In political science, a reactionary or reactionist is a person who holds political views that favor a return to the status quo ante, the previous political state of society, which they believe possessed positive characteristics that are absent from contemporary society. As a descriptor term, reactionary derives from the ideological context of the left–right political spectrum. As an adjective, the word reactionary describes points of view and policies meant to restore a past status quo.
In ideology, reactionarism is a tradition in right-wing politics. In politics, the reactionary stance opposes policies for social transformation; whereas conservatives seek to preserve what exists in the present, reactionaries seek a return to a previous status quo. In popular usage, reactionary refers to a strongly traditionalist political perspective of the person who is opposed to social, political, and economic change.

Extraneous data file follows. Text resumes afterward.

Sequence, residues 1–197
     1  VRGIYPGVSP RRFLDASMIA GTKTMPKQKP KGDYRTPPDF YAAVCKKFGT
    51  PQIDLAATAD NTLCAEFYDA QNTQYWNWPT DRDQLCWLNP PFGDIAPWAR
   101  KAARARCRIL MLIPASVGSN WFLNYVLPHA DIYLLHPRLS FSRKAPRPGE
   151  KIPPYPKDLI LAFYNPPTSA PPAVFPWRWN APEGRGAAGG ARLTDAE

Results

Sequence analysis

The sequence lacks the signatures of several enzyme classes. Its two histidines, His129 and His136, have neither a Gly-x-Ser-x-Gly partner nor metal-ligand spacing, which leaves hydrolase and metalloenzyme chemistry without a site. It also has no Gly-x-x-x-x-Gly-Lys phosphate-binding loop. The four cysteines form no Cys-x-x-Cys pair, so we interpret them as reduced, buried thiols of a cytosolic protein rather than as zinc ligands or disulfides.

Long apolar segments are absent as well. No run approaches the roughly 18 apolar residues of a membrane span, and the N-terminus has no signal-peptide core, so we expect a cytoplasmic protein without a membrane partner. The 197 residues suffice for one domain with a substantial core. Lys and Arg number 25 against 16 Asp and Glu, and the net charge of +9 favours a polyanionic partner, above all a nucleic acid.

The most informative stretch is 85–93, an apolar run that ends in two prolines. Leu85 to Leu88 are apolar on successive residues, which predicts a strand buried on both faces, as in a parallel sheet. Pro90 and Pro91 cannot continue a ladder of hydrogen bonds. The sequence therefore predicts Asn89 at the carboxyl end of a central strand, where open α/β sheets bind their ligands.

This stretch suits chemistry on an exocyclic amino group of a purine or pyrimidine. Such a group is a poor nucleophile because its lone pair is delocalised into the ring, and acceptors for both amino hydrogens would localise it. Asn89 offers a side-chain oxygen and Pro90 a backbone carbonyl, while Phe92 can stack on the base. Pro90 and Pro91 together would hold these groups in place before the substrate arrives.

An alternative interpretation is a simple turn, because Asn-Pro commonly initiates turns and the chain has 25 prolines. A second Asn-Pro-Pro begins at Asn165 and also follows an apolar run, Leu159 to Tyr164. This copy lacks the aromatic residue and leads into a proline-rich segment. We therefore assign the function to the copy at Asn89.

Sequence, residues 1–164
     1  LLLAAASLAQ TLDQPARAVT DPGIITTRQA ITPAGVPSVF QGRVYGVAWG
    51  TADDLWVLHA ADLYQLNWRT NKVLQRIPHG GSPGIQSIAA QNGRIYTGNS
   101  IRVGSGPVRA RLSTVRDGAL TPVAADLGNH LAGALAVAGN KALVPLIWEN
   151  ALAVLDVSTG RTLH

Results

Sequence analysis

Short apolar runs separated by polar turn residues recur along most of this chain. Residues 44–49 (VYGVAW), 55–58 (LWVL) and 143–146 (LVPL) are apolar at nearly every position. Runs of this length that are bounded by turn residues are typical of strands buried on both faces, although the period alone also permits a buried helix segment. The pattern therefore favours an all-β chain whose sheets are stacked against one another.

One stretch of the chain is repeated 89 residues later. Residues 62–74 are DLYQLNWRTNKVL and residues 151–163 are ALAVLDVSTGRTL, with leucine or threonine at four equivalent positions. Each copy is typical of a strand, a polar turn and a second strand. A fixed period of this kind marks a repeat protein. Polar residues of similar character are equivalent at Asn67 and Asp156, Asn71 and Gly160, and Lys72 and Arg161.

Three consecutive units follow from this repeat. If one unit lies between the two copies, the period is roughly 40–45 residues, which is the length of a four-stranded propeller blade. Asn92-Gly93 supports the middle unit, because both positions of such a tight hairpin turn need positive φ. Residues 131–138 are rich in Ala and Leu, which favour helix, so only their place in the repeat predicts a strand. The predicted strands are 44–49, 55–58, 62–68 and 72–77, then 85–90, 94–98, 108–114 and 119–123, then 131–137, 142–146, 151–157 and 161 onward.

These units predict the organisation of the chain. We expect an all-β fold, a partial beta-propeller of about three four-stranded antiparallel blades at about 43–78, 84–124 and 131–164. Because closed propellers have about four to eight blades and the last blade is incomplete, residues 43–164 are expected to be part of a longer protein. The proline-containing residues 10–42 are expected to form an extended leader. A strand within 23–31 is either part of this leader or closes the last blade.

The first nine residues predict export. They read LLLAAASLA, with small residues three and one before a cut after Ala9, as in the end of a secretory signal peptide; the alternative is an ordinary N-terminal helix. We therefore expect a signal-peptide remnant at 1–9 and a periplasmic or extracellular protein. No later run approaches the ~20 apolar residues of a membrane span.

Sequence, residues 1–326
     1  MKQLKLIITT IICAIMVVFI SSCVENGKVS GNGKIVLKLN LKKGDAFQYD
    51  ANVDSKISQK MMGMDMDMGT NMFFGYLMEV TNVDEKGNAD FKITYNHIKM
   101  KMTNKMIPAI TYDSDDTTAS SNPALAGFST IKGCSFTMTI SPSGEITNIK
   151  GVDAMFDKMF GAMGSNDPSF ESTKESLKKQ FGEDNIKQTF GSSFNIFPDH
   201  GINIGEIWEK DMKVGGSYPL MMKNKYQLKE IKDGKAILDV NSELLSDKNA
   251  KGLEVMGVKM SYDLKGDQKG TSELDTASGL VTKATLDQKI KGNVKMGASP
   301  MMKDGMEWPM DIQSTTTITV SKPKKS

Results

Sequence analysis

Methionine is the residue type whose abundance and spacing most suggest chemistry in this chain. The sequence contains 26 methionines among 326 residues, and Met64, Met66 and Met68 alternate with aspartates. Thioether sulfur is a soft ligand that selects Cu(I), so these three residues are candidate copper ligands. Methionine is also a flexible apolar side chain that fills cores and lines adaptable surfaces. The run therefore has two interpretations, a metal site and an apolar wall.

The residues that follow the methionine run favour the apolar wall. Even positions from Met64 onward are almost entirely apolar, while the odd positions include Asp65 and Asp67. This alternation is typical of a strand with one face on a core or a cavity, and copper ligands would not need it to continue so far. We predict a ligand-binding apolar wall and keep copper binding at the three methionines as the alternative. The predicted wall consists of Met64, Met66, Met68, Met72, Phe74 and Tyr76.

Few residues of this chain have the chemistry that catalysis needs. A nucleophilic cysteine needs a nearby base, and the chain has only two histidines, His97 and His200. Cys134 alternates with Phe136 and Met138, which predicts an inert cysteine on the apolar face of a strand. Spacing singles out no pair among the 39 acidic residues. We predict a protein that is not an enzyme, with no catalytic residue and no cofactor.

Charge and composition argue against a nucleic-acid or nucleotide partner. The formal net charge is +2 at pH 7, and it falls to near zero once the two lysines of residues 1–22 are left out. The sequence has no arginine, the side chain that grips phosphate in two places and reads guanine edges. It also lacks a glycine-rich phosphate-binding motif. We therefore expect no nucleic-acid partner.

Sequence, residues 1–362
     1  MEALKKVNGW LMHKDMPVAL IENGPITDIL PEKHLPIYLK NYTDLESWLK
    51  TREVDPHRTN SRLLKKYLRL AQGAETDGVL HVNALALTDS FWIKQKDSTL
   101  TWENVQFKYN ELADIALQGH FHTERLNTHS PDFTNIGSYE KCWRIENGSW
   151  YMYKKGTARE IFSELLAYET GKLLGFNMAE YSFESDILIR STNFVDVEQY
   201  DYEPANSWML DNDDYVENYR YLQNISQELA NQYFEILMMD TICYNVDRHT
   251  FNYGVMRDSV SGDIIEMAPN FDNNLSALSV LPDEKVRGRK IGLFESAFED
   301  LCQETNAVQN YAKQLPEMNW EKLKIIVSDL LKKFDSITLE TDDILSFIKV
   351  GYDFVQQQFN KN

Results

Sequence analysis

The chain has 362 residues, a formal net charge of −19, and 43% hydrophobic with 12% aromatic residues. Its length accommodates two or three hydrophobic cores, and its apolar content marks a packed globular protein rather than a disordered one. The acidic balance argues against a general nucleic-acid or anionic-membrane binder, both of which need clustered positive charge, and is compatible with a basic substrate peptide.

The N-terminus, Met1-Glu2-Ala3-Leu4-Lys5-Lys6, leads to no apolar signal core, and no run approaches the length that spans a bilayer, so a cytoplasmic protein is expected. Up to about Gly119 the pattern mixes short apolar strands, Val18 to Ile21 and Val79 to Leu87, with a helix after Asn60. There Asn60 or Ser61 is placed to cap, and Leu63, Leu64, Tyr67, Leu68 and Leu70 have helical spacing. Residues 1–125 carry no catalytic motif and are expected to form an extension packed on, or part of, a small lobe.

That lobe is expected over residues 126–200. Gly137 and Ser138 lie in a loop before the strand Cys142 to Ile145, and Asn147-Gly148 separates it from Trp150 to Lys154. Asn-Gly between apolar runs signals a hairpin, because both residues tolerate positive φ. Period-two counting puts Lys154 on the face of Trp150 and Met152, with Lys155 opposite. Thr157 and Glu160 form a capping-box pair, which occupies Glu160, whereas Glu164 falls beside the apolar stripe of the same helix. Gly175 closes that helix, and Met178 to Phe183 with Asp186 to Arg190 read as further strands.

Reactionary ideologies can be radical in the sense of political extremism in service to re-establishing past conditions. In political discourse, being a reactionary is generally regarded as negative; Peter King observed that it is "an unsought-for label, used as a torment rather than a badge of honor." Despite this, the descriptor "political reactionary" has been adopted by writers such as the Austrian monarchist Erik von Kuehnelt-Leddihn, the Scottish journalist Gerald Warner of Craigenmaddie, the Colombian political theologian Nicolás Gómez Dávila, and the American historian John Lukacs.